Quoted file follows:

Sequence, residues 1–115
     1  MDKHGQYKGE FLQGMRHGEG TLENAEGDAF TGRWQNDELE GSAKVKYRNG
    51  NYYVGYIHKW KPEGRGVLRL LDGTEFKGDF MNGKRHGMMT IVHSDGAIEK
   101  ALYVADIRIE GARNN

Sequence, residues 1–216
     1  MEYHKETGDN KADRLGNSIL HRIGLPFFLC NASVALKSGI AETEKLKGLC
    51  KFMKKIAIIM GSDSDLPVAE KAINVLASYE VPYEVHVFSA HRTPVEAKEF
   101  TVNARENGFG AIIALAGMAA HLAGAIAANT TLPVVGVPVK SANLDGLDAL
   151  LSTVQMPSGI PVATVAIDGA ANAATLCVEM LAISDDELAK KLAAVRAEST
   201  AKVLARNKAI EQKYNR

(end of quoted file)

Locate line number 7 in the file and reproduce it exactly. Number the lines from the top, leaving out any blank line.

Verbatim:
    51  KFMKKIAIIM GSDSDLPVAE KAINVLASYE VPYEVHVFSA HRTPVEAKEF